hahahaa. . ..good one!:biggrin:

Gsniper 20 November 2018 18:42

My daughter is halfway thru nursing school. I sure hope she hasn't made a major mistake. She doesn't suffer fools well. She'll be 27 when she graduates, so at least she'll be a tad more mature than if she'd graduated at 20.

litepath 20 November 2018 18:53

Quote:

Originally Posted by Gsniper (Post 1058763548)
My daughter is halfway thru nursing school. I sure hope she hasn't made a major mistake. She doesn't suffer fools well. She'll be 27 when she graduates, so at least she'll be a tad more mature than if she'd graduated at 20.

Health Care has an unexpected dichotomy. At least it was for me.

My point being you can go to one facility and encounter some of the very things I mention. And even worse. Way worse.

And yet, take a 3 or 4 or 8 hour ride and find another facility that is so very different you'd think I was a damn liar. Some places are dialed in. Tight.
You'd think the shitty ones would want to learn from them. You'd be wrong.

Gsniper 20 November 2018 19:01

I'm a bit apprehensive. She has EXTENSIVE experience as a patient at Duke, which is quite different than any other hospital I've ever been in (with the VA being the other end of the scale). I hope when she lands at Podunk Memorial she can handle the swing.

8654maine 20 November 2018 19:02

Quote:

Originally Posted by Gsniper (Post 1058763548)
My daughter is halfway thru nursing school. I sure hope she hasn't made a major mistake. She doesn't suffer fools well. She'll be 27 when she graduates, so at least she'll be a tad more mature than if she'd graduated at 20.

Tell her to stay with it.

Nursing is an honorable profession.

There are multiple opportunities.

The room for advancement is unparalleled.

There is high level of satisfaction as well as stress.

She will be able to find a job anywhere, anytime.

But have thick skin, and be able to sense when she is at danger (I'm speaking mostly from the ER world where nurses are abused physically and verbally on a continual basis).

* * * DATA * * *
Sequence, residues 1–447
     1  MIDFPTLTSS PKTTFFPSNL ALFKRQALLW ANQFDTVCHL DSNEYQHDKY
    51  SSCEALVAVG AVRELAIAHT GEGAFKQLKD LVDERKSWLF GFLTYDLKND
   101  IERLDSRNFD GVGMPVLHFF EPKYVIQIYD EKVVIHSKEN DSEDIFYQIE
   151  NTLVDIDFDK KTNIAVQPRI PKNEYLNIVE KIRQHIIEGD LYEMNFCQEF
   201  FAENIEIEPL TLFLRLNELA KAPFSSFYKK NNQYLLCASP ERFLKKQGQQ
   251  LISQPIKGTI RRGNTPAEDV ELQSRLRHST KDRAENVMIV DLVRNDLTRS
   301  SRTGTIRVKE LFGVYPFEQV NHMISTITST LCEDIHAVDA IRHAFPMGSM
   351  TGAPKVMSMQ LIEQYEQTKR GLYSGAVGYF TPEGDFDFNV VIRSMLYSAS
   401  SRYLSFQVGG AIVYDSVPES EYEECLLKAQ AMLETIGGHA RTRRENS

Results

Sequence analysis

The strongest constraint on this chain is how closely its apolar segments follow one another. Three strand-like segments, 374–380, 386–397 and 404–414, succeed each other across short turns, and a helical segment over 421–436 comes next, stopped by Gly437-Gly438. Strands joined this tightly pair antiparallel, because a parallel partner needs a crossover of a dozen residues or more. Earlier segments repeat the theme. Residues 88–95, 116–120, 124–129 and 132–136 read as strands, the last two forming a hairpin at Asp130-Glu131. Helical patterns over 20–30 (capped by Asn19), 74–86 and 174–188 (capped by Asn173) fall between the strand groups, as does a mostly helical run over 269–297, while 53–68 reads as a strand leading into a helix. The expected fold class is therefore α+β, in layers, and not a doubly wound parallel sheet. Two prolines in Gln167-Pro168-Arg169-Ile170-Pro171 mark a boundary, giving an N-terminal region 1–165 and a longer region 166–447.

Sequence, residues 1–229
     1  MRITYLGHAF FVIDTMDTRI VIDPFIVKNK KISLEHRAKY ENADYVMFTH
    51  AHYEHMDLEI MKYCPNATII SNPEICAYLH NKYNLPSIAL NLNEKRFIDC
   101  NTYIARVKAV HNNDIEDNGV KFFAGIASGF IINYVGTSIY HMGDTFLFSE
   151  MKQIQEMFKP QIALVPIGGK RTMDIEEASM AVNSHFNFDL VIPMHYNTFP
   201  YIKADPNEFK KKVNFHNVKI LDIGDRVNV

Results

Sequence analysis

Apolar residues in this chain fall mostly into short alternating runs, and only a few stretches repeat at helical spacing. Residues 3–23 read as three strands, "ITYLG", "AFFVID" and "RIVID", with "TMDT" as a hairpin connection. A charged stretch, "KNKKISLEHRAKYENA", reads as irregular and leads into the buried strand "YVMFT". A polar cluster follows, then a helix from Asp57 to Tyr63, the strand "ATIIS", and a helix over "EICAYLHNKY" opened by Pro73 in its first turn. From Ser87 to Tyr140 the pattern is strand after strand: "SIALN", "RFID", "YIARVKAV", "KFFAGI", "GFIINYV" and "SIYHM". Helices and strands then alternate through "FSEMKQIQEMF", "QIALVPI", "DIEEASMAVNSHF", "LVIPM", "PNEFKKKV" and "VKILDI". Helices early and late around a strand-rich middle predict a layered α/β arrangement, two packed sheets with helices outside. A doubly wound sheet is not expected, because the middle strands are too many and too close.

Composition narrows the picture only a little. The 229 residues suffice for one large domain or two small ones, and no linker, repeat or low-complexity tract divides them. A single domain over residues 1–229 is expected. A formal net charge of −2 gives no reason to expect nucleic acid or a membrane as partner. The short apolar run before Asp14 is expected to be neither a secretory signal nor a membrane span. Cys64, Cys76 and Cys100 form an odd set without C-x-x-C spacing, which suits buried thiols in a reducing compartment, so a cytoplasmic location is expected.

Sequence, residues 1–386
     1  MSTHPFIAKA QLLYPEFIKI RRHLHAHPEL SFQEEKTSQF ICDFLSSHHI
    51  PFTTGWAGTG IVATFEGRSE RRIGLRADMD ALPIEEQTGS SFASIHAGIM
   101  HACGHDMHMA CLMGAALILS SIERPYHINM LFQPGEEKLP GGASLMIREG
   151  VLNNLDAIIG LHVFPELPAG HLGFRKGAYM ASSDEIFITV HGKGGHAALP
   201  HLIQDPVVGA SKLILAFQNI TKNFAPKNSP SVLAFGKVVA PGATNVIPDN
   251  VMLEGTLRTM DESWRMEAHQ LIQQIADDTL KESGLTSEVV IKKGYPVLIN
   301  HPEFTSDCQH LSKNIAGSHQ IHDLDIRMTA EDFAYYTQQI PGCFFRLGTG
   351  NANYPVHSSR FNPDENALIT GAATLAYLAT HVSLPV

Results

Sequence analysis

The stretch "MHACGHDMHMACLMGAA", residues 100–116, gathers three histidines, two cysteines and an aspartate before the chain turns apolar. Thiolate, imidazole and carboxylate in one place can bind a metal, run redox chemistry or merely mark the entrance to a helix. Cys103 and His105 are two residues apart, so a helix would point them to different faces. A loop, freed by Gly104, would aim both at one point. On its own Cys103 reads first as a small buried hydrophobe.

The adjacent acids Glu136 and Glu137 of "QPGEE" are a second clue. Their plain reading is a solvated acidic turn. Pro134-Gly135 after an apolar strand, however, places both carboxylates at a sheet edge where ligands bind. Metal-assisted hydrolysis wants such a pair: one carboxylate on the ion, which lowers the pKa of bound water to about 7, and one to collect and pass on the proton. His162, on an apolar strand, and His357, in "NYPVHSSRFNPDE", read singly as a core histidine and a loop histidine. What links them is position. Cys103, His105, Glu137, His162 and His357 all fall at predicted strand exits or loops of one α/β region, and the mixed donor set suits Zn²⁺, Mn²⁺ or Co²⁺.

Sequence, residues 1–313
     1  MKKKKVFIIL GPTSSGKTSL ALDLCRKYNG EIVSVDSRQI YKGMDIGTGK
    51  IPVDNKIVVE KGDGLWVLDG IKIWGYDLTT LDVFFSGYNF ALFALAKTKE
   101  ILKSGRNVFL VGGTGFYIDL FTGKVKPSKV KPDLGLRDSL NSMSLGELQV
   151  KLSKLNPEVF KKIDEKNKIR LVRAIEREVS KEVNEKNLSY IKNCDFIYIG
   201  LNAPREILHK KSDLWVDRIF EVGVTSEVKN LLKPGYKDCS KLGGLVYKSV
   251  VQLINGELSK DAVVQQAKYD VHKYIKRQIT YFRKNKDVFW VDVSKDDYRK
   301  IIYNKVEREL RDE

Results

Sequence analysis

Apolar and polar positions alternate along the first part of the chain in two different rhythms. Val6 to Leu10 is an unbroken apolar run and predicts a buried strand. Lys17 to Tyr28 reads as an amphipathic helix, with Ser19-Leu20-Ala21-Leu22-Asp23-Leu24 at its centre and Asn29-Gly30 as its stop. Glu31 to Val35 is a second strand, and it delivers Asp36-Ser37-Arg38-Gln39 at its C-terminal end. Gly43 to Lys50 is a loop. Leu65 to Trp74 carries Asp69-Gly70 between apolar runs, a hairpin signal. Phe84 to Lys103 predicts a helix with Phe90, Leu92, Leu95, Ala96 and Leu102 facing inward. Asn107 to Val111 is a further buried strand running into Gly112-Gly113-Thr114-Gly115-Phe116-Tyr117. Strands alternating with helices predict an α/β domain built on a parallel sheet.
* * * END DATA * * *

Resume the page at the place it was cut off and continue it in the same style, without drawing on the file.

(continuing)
And get a cop hubby (man, I see that combo everywhere!) ;-)

litepath 20 November 2018 19:07

Quote:

Originally Posted by Gsniper (Post 1058763551)
I'm a bit apprehensive. She has EXTENSIVE experience as a patient at Duke, which is quite different than any other hospital I've ever been in (with the VA being the other end of the scale). I hope when she lands at Podunk Memorial she can handle the swing.

She's young and can handle it I'll bet. All she needs is to be able to allow herself to move away from home if needed.

I'd recommend a teaching hospital. They tend to have better funding. And funding makes a difference.
She may have to be a bit away from y'all at home there, but not too far.

btq96r 20 November 2018 19:11

Quote:

Originally Posted by Gsniper (Post 1058763543)
I'm pretty sure I ran one radiologist out of the business. I went for a back issue, not expecting an x-ray, but had to get one. 20 something smoking hot chick doing the pics says drop your pants to your knees, leave your underwear up. The look on her face was priceless when I told her I was commando, and no, I don't mean it was a look of anticipation

Those are just the rad techs, not a radiologist proper. While it isn't easy to lose a good tech, it's not miserably difficult to replace in the current market like a fully trained and experienced MD or DO is once they retire, or take a different job somewhere.

Gsniper 20 November 2018 19:20

She's already lived away from home for a couple of years, not an issue. She's willing to move to get what suits her. She'll finish her RN in about 10 months, then will either start work or go the BSN route. Undecided at this point. As for the cop boyfriend, I don't think that's happening. After having a grunt for a Dad she went with a man that wears clean clothes and comes home with clean hands at the end of the day.

8654maine 20 November 2018 19:23

Quote:

Originally Posted by Gsniper (Post 1058763560)
She's already lived away from home for a couple of years, not an issue. She's willing to move to get what suits her. She'll finish her RN in about 10 months, then will either start work or go the BSN route. Undecided at this point. As for the cop boyfriend, I don't think that's happening. After having a grunt for a Dad she went with a man that wears clean clothes and comes home with clean hands at the end of the day.

"Fastidious" is a disorder, not MANLINESS. :biggrin:

She'll dump him in 5 years. :tongue:

leopardprey 20 November 2018 19:27

Quote:

Originally Posted by 8654maine (Post 1058763561)
"Fastidious" is a disorder, not MANLINESS. :biggrin:

She'll dump him in 5 years. :tongue:

"I wasn't mean; I wasn't evil. I was nice. And let me tell you, a hesitant man is the last thing in the world a woman needs. She needs a lover and a warrior, not a Really Nice Guy."
John Eldridge - Wild at Heart.

leopardprey 20 November 2018 19:31

Thanks for all the detailed responses so far in this thread. Very informative.